The President of the PP, Alberto Núñez Feijóo, is summoned as a witness after some party members complained about the non-convening of the Provincial Congress. The Xunta is investigating in Fuenlabrada
The internal conflicts of the PP Salamanca have spilled over to Madrid. Party leader Alberto Núñez Feijóo is being summoned to testify at the hearing scheduled for Friday, January 20 at the city’s Investigative Court 5, after a sector of members complained about the delay in convening the provincial congress to elect party leaders had submitted the formation in Salamanca. Feijóo is summoned as the legal representative of the PP to explain why the Salamanca section of his formation has been postponing this congress for almost two years. In addition, the national PP is being indicted as a legal entity in the primaries case related to the alleged illegal funding of the 2017 Salamanca primaries, which the current regional president, Alfonso Fernández Mañueco, won.
The critical wing of the PP that has been driving this process believes that the statutes governing this political group, which is now run in Salamanca by a manager coordinated by the same previous leadership, have been violated. These 147 affiliates, of the approximately 1,000 the PP has in the province, are demanding that the judge take precautionary measures that would imply holding the congress, which could alter the current governance structure. Salamanca PP President Francisco Javier Iglesias resigned just over a month ago, although he retained his position at the head of the provincial council. Iglesias is a trusted man of Mañueco, who has his main stronghold in Salamanca, since he was mayor there between 2011 and 2018 before making the autonomous leap to government in 2019 in coalition with Ciudadanos and since April 2022 amid several controversies such as the current one on the anti-abortion protocol, with Vox.
Sources from this critical sector explain that going to court is not a “dish in taste” for Feijóo, although they suspect the former Galician leader will, one way or another, avoid the image of going to court. The view would be public, according to court sources, as it is a civil matter. One possibility for the opposition leader not to testify is if, surprisingly, the PP convened a congress and the plaintiffs withdrew their claim, which they believe is unlikely given the proximity of local elections: “With congress there is no demand but the Order must come from Madrid because their noses are swollen, it hurts the party,” says the same source. Another option is for the Salamanca PP to question the process and extend the time. Feijóo received the subpoena on January 5.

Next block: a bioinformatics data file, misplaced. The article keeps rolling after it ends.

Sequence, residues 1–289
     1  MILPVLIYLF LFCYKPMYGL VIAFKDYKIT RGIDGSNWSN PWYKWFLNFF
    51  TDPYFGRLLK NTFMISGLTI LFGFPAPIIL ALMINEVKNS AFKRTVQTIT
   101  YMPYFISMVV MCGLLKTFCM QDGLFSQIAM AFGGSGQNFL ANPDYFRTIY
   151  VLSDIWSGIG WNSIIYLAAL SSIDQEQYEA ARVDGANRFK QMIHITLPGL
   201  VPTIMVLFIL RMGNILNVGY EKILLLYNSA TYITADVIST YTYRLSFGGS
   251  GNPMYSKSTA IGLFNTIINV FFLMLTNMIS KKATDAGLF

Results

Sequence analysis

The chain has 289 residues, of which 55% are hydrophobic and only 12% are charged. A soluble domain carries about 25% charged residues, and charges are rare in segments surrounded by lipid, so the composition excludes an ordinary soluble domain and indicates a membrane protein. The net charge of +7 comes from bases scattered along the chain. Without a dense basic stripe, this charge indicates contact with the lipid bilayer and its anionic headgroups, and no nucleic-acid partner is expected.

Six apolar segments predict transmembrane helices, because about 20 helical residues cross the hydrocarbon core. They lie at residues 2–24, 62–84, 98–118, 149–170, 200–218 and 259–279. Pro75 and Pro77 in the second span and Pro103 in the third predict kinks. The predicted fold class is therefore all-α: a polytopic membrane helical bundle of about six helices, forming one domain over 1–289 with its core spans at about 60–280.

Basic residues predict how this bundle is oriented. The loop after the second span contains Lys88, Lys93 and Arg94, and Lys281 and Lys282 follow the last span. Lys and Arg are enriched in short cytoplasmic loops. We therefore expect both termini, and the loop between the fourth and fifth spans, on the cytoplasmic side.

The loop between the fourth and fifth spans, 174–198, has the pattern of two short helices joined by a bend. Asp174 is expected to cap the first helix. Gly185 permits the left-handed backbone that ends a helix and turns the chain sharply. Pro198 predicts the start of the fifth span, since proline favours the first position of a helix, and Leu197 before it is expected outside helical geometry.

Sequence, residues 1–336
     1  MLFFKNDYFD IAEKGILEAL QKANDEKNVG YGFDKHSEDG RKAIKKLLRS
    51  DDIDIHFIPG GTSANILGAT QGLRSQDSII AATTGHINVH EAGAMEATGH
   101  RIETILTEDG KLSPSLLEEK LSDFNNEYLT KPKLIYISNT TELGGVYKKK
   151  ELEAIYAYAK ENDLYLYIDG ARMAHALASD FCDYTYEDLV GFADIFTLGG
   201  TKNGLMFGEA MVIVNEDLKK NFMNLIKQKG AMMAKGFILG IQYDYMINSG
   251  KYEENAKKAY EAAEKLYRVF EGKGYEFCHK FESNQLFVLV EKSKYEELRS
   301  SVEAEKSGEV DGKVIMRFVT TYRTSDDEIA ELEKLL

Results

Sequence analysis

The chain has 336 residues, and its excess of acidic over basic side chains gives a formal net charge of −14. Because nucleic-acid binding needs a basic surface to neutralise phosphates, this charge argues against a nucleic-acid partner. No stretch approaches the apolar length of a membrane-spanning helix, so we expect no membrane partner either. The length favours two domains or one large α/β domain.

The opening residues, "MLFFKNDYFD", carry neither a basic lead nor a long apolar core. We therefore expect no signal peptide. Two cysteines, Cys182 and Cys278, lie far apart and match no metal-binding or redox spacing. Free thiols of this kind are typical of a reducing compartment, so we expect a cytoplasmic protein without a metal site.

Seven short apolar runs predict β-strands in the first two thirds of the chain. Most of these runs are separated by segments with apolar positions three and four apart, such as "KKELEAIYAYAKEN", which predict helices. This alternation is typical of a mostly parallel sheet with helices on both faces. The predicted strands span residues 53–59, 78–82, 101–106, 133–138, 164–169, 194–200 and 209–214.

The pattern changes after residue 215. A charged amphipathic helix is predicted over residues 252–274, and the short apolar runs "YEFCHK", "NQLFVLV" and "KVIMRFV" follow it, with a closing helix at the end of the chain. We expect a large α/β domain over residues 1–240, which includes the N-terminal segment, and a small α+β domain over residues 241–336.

“It’s a civil case and the judge wouldn’t impose a penalty if Feijóo didn’t come or send his lawyer, but socially it would be ugly,” estimates this source, who laments that the case has become “the talk” of the city. Nonetheless, they insist that violating the party’s internal norm requires such a response. “The PP works with great urgency, with a just-in-case attitude, they speed up meetings and talks with candidates,” explain these affiliates, seeing how the current command is dealing with the “fear” of being hypothetically removed from power. All of this, they say, would not have happened “if Mañueco had been humble” and “accepted a cycle change with new faces to work together in the same direction” rather than castled with his peers.
Echoes of the “Primary Case”
Salamanca has become unfavorable territory for the PP due to its open court cases. On to congressional matters comes the investigation launched into alleged irregular funding of the 2017 primary that glorified Mañueco. The judge in the primary case finds possible illegitimate funding as around EUR 24,000 of the more than EUR 60,000 collected is of unknown origin and was collected to pay off the debts of affiliates in a situation of non-payment so that they could collect their debts and have the right to vote in this internal proceeding , which Manueco won in the end. The judge charged Francisco Javier Iglesias as the party’s provincial leader; the manager, Raquel Sánchez; and the PP as a legal entity.
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Last week, the judge working on this alleged episode of illegal funding again asked the Court of Auditors to produce a report ruling out the crime, a document that prosecutors have failed to obtain despite their requests. The judge acknowledged that this letter was “allegedly” sent by the court, noting that “the document does not contain any signature, whether handwritten, digital or encrypted”. Therefore, it requires that it be sent “duly legalized and signed,” or certifying the authenticity of the copy provided, or what is reasonable as to the accuracy of the same.
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